Military operations have chased Boko Haram out of towns and cities in Nigeria’s northeast since early last year. But it is only recently that people have begun returning to their homes in Adamawa state, near the border with Cameroon, to try to rebuild their lives. For VOA, Chris Stein traveled to the area and has this report.
    Video

    Video Clinton Leads Trump, But Many Voters Don't Like Either

    In the U.S. presidential race, most recent polls show Democrat Hillary Clinton with a steady lead over Republican Donald Trump as both presumptive party nominees prepare for their party conventions next month. Trump’s disapproval ratings have risen in some recent surveys, but Clinton also suffers from high negative ratings, suggesting both candidates have a lot of work to do to improve their images before the November election. VOA National correspondent Jim Malone has more from Washington.
    Video

    Video New US Ambassador to Somalia Faces Heavy Challenges

    The new U.S. envoy to Somalia, who was sworn into office Monday, will be the first American ambassador to that nation in 25 years. He will take up his post as Somalia faces a number of crucial issues, including insecurity, an upcoming election, and the potential closure of the Dadaab refugee camp in Kenya. VOA’s Jill Craig asked Somalis living in Kenya’s capital city Nairobi how they feel about the U.S. finally installing a new ambassador.
    Video

    Video At National Zoo, Captivating Animal Sculptures Illustrate Tragedy of Ocean Pollution

    The National Zoo in Washington, D.C., is home to about 1,800 animals, representing 300 species. But throughout the summer, visitors can also see other kinds of creatures there. They are larger-than-life animal sculptures that speak volumes about a global issue — the massive plastic pollution in our oceans. VOA's June Soh takes us to the zoo's special exhibit, called Washed Ashore: Art to Save the Sea.
    Video

    Video Baghdad Bikers Defy War with a Roar

    Baghdad is a city of contradictions. War is a constant. Explosions and kidnappings are part of daily life. But the Iraqi capital remains a thriving city, even if a little beat up. VOA's Sharon Behn reports on how some in Baghdad are defying the stereotype of a nation at war by pursuing a lifestyle known for its iconic symbols of rebellion: motorbikes, leather jackets and roaring engines.
    Video

    Video Melting Pot of Immigrants Working to Restore US Capitol Dome

    The American Iron Works company is one of the firms working to renovate the iconic U.S. Capitol Dome. The company employs immigrants of many different cultural and national backgrounds. VOA’s Arman Tarjimanyan has more.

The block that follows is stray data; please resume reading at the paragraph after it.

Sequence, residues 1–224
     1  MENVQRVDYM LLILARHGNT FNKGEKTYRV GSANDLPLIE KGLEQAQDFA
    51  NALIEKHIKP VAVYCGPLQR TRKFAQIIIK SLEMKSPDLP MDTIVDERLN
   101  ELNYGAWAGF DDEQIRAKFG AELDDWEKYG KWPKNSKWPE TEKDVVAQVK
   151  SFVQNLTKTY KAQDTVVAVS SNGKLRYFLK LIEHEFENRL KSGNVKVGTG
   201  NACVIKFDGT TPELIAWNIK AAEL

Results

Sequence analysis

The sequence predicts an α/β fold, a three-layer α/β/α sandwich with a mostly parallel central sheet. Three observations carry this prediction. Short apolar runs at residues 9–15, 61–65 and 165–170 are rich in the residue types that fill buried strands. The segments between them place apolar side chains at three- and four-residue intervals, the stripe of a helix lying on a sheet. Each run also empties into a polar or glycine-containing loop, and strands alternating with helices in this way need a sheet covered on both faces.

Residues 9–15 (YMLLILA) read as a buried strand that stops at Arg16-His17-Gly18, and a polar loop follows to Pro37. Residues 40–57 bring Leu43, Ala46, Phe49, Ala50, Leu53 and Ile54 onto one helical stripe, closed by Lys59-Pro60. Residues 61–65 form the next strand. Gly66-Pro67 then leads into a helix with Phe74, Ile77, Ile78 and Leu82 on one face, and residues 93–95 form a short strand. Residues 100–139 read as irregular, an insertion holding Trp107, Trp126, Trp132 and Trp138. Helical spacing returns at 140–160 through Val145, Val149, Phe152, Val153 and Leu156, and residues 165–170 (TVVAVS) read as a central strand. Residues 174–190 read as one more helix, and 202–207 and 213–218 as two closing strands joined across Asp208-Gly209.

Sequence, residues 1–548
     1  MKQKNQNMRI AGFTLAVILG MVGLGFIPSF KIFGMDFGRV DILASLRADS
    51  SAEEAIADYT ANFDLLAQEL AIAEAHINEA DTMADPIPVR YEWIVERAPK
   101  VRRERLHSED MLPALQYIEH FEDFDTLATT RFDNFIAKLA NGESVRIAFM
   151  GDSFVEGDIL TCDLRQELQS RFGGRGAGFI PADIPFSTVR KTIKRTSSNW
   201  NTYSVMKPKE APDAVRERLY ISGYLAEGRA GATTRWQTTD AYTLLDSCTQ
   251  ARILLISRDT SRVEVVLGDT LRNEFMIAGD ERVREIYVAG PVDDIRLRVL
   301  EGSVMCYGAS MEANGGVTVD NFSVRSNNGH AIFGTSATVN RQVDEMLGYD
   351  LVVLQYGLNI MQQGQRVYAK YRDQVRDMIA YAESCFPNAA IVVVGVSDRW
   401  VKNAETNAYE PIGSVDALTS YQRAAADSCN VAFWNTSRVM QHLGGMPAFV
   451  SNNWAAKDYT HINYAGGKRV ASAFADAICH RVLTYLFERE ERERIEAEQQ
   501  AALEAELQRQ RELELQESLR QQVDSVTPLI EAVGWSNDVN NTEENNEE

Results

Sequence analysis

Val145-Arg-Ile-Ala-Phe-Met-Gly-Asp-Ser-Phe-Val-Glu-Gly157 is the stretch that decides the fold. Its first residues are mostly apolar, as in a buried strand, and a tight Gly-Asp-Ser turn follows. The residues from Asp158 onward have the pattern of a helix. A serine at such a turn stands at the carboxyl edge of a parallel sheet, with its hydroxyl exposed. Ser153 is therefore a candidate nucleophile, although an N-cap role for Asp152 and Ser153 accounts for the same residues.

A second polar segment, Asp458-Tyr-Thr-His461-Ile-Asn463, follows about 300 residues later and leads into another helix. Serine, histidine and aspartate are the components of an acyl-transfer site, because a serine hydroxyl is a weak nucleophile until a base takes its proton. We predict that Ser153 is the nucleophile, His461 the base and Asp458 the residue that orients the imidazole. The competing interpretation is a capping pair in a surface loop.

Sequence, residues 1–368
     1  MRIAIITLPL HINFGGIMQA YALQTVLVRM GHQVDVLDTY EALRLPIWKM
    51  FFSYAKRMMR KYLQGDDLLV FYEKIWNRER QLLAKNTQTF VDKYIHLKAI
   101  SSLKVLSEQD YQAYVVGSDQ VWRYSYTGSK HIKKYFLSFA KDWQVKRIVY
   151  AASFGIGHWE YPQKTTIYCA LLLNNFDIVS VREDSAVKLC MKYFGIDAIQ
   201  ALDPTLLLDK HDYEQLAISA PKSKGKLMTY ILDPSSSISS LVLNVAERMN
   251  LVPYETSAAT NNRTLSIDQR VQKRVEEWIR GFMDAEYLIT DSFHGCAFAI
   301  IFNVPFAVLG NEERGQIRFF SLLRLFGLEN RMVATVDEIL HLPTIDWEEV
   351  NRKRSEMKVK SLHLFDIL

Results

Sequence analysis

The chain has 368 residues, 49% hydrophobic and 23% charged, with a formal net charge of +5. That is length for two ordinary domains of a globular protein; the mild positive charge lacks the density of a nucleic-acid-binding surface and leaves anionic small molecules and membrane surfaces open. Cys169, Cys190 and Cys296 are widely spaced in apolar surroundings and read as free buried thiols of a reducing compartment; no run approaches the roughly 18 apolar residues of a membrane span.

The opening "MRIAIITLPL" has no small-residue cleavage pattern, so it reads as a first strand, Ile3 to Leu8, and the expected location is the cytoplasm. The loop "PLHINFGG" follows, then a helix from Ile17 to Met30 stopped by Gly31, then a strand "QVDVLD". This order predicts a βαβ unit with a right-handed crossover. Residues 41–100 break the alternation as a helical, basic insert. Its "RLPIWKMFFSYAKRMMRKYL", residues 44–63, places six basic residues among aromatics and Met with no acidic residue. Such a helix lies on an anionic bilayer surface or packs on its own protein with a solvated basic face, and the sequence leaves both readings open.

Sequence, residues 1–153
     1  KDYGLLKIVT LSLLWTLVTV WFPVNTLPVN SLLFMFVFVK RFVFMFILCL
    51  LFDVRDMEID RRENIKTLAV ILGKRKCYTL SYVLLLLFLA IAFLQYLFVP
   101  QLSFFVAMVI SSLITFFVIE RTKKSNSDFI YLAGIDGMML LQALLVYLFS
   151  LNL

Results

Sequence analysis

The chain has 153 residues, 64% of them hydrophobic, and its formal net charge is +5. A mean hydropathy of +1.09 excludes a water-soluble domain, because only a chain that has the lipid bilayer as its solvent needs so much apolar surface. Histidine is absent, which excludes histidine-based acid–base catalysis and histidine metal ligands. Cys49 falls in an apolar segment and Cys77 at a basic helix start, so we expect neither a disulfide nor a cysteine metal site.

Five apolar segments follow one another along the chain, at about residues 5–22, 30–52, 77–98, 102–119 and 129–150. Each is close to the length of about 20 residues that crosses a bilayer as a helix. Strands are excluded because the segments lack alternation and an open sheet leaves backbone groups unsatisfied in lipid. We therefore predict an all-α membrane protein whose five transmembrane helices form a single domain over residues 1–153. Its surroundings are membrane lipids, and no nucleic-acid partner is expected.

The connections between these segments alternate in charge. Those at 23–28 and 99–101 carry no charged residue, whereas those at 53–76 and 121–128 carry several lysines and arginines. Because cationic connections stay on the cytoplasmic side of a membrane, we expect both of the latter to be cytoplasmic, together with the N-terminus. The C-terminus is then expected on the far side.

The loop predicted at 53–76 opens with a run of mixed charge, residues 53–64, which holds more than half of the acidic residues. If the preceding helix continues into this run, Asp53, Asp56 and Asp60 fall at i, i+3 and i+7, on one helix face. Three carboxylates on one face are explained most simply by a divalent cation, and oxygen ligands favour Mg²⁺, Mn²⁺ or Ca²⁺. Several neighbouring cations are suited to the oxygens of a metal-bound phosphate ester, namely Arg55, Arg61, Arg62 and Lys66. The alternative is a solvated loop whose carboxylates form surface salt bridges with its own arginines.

Video

    Video Testing Bamboo as Building Material

    For thousands of years various species of bamboo - one of the world's most versatile plants - have been used for diverse purposes ranging from food and medicine to textiles and construction. But its use on a large scale is hampered because it's not manufactured to specific standards but grown in the ground. A University of Pittsburgh professor is on track to changing that. VOA’s George Putic reports.
    Video

    Video Orphanage in Iraqi City Houses Kids Who Lost their Parents to Attacks by IS

    An orphanage in Iraqi Kurdistan has become home to scores of Yazidi children who lost their parents after Islamic State militants took over Sinjar in Iraq’s Nineveh Province in 2014. Iraqi Kurdish forces backed by the U.S. airstrikes have since recaptured Sinjar but the need for the care provided by the orphanage continues. VOA’s Kawa Omar filed this report narrated by Rob Raffaele.
    Video

    Video Re-Opening Old Wounds in a Bullet-Riddled Cultural Landmark

    A cultural landmark before Lebanon’s civil war transformed it into a nest of snipers, Beirut’s ‘Yellow House’ is once again set to play a crucial role in the city.  Built in a neo-Ottoman style in the 1920s, in September it is set to be re-opened as a ‘memory museum’ - its bullet-riddled walls and bunkered positions overlooking the city’s notorious ‘Green Line’ maintained for posterity. John Owens reports from Beirut.
    Video

    Video Brexit Resounds in US Presidential Contest

    Britain’s decision to leave the European Union is resounding in America’s presidential race. As VOA’s Michael Bowman reports, Republican presumptive nominee Donald Trump sees Britain’s move as an affirmation of his campaign’s core messages, while Democrat Hillary Clinton sees the episode as further evidence that Trump is unfit to be president.
    Video

    Video NASA Juno Spacecraft, Nearing Jupiter, to Shed Light on Gas Giant

    After a five-year journey, the spacecraft Juno is nearing its destination, the giant planet Jupiter, where it will enter orbit and start sending data back July 4th. As Mike O'Sullivan reports from Pasadena, California, the craft will pierce the veil of Jupiter's dense cloud cover to reveal its mysteries.
    Video

    Video Orlando Shooting Changes Debate on Gun Control

    It’s been nearly two weeks since the largest mass shooting ever in the United States. Despite public calls for tighter gun control laws, Congress is at an impasse. Democratic lawmakers resorted to a 1960s civil rights tactic to portray their frustration. VOA’s Carolyn Presutti explains how the Orlando, Florida shooting is changing the debate.

    Special Report

    Adrift The Invisible African Diaspora